The Witless Clunkery of a Third-Rate Mind

Wednesday, May 18, 2005

Students, Teaching, and Random Observations

Students: My kids are mostly a lot smarter than me. Well, if not smarter, a lot more disciplined. They can't speak English very well, but they sure can do science. I asked two of them to explain their research to me. The first one was an evolutionary biologist using computational methods to study DNA in humans and chimpanzees in an attempt to date the point when we diverged from a common ancestor (8 million years ago, he says). The second was a biochemist who was using metallic catalysts to synthesize pharmaceutical precursors with new amino acid combinations. Wow. My reply: "Well, I teach English."

Teaching: I just got observed by the staff of the teaching company I work for. I guess they want to observe us once in a while to make sure that (despite the screening and training) they haven't got any dud teachers on their staff. I got a lot of compliments from the observers. Apparently, my lesson was perfect! Gosh, I'm good.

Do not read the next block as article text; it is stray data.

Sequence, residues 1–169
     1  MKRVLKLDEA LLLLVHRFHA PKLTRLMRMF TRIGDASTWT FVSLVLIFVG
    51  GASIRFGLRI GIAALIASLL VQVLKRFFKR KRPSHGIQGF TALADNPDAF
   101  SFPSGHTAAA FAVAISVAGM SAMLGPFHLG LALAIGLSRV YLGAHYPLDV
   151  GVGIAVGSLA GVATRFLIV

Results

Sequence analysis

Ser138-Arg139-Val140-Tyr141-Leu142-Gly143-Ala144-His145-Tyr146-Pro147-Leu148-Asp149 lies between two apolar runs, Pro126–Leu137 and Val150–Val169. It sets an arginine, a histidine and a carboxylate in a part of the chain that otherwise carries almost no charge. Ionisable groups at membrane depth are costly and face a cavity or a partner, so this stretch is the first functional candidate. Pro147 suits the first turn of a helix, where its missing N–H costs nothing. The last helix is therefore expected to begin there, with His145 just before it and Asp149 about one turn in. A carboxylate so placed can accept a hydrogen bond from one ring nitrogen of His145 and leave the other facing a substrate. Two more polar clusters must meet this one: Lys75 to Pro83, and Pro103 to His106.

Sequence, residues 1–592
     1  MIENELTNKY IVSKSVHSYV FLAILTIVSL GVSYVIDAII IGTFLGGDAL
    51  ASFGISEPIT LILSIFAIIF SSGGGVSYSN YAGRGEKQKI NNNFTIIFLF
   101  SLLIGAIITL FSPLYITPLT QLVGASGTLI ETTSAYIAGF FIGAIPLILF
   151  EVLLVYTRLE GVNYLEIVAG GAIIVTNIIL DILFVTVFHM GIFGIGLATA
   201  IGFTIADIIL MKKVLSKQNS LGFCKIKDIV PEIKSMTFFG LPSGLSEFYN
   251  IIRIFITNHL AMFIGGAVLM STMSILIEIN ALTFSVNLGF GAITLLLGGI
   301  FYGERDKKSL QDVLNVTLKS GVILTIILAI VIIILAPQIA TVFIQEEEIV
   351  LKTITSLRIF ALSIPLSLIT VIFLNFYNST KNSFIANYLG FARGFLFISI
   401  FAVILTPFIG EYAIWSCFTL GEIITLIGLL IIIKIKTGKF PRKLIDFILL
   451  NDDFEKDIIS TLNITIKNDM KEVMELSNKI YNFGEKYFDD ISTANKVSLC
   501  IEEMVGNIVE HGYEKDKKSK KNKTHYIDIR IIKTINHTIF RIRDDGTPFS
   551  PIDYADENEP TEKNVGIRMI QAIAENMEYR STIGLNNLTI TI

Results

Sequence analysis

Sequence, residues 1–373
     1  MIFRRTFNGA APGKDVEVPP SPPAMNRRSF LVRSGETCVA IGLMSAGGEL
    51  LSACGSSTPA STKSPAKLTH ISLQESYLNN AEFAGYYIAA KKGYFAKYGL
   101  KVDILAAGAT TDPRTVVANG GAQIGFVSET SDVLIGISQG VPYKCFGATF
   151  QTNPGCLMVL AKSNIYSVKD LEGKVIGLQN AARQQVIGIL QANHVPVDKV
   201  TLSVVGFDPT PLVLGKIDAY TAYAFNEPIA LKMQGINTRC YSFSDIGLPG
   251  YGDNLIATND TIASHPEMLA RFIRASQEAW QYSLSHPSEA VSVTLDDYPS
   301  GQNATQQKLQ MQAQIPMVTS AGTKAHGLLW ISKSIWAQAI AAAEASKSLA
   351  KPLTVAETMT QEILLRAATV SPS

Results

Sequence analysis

Random Observations:

The phantom cell phone. You're sitting on a train with your cell phone set to "vibrate" mode. Suddenly, you have the distinct sensation of something vibrating in your pocket. Someone is calling! You reach into your pocket, only to discover that your phone isn't there at all!! Eeeeeeerie.

Japanese television is really, really awful. The more I speak Japanese the less interesting the television shows get. The same goes for advertising on the train now that I can read a little bit. For example, this morning I saw a billboard for a chocolate almond candy with the face of a famous Japanese TV star. They're paying millions for his face, so you'd think the caption would be pretty memorable and witty, right? How about, "I want to eat Lotte chocolate almonds with you." And somebody got paid to write that....?

We're in that awkward period where any rational person would say it's hot, but Japanese people think it's still cool, so they don't turn on the air conditioning on the train. It's somewhere around 30 degrees so I've got beads of sweat pouring off of me, but I'm surrounded by cool-looking Japanese in suits. I'll have to wait until July before they think it's hot enough to turn on the AC, but by then it will be over 35.


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